Back end tools, including Web analytic tools and HTML validators, provide data on a website and its visitors and allow the success of a website to be measured. They range from simple traffic counters to tools that work with log files and to more sophisticated tools that are based on page tagging (putting JavaScript or an image on a page to track actions). These tools can deliver conversion-related information. There are three major tools used by EBSCO: (a) log file analyzing tool: WebTrends by NetiQ; (b) tag-based analytic tool: WebSideStory's Hitbox; and (c) transaction-based tool: TeaLeaf RealiTea. Validators check the invisible parts of websites, highlighting potential problems and many usability issues and ensuring websites meet W3C code standards. Try to use more than one HTML validator or spider simulator because each one tests, highlights, and reports on slightly different aspects of your website.
Creating the link between SEO and PPC represents an integral part of the SEM concept. Sometimes, especially when separate teams work on SEO and PPC and the efforts are not synced, positive results of aligning their strategies can be lost. The aim of both SEO and PPC is maximizing the visibility in search and thus, their actions to achieve it should be centrally coordinated. Both teams can benefit from setting shared goals and combined metrics, evaluating data together to determine future strategy or discuss which of the tools works better to get the traffic for selected keywords in the national and local search results. Thanks to this, the search visibility can be increased along with optimizing both conversions and costs.[21]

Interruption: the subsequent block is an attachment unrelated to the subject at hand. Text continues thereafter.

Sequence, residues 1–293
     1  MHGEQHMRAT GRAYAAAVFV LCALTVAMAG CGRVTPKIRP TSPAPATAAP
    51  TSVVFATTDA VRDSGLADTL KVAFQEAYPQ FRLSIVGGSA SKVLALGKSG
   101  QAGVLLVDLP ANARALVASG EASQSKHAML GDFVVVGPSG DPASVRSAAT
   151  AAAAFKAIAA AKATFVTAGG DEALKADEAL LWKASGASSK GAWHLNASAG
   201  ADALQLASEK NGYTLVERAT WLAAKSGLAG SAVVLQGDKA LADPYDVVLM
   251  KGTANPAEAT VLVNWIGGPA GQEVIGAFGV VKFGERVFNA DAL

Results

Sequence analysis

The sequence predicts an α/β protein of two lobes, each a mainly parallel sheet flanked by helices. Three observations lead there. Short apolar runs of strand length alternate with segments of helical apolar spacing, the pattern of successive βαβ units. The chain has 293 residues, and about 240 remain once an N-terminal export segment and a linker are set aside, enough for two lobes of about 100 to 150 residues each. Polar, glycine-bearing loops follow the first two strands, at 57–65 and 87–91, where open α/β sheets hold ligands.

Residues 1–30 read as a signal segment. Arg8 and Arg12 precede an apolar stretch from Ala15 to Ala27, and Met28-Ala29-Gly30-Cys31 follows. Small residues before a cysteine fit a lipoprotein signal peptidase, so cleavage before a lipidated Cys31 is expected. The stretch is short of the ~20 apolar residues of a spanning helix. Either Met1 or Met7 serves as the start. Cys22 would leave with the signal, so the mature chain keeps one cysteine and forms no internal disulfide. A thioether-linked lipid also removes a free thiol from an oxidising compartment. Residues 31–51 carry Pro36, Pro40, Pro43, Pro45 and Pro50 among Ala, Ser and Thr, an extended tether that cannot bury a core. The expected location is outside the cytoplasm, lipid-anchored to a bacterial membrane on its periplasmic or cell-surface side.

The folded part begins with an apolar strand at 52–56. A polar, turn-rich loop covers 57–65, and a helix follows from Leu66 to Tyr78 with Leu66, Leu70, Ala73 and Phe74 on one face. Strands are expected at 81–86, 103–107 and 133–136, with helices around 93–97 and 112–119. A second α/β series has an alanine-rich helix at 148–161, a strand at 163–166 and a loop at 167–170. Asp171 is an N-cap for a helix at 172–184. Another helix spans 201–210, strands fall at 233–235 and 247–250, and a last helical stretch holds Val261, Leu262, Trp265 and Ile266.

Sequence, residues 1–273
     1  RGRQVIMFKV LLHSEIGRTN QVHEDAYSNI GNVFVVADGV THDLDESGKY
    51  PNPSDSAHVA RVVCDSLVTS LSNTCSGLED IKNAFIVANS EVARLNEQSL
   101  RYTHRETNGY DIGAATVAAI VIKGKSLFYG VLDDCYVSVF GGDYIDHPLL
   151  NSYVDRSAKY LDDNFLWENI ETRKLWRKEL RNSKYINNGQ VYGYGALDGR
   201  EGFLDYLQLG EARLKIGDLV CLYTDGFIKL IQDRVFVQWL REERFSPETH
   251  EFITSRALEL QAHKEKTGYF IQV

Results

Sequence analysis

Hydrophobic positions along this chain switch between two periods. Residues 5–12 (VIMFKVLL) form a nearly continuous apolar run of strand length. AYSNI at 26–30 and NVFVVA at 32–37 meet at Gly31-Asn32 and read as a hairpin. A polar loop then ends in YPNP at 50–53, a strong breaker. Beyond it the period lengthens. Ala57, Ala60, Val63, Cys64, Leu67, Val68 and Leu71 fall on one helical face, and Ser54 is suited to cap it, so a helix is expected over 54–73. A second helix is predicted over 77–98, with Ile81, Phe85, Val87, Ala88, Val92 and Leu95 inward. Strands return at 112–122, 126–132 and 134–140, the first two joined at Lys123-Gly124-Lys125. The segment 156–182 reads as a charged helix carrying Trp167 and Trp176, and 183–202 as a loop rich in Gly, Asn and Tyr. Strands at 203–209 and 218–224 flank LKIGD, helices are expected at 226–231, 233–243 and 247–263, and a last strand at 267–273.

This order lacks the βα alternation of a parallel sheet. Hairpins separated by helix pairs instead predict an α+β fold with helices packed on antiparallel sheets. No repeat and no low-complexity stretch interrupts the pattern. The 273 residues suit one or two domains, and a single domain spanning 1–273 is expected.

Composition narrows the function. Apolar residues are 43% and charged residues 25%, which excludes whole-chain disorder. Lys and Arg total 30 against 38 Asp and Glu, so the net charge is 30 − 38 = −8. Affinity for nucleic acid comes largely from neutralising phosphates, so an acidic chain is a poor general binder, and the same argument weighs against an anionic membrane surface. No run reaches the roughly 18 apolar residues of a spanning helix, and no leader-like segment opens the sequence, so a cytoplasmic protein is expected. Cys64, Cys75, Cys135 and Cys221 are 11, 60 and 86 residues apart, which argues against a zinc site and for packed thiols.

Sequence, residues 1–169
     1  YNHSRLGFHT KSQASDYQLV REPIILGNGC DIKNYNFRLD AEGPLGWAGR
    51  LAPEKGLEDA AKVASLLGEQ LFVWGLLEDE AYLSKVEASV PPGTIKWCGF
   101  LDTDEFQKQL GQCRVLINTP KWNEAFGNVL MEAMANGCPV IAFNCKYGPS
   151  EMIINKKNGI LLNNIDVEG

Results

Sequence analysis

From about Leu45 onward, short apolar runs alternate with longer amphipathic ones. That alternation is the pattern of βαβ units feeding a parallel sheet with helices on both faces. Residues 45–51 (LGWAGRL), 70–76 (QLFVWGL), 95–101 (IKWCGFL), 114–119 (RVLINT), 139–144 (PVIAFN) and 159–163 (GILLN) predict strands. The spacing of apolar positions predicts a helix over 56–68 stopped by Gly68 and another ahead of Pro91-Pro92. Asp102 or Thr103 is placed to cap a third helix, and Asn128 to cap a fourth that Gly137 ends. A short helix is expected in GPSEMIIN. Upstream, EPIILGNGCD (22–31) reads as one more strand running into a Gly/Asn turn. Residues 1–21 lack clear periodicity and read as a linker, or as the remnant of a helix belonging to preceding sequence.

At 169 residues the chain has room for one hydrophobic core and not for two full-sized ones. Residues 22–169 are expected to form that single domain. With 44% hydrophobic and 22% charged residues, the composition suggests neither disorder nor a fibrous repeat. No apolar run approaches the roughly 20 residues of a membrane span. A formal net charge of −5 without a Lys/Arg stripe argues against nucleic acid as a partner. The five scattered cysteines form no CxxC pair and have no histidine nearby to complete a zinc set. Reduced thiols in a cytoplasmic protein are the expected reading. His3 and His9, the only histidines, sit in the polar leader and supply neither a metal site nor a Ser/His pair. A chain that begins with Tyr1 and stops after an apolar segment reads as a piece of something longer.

Notice that each of these accounts has a consistent voice, tone, and style. Consistency is key to helping your followers understand what to expect from your brand. They’ll know why they should continue to follow you and what value they will get from doing so. It also helps keep your branding consistent even when you have multiple people working on your social team.

Website owners recognized the value of a high ranking and visibility in search engine results,[6] creating an opportunity for both white hat and black hat SEO practitioners. According to industry analyst Danny Sullivan, the phrase "search engine optimization" probably came into use in 1997. Sullivan credits Bruce Clay as one of the first people to popularize the term.[7] On May 2, 2007,[8] Jason Gambert attempted to trademark the term SEO by convincing the Trademark Office in Arizona[9] that SEO is a "process" involving manipulation of keywords and not a "marketing service."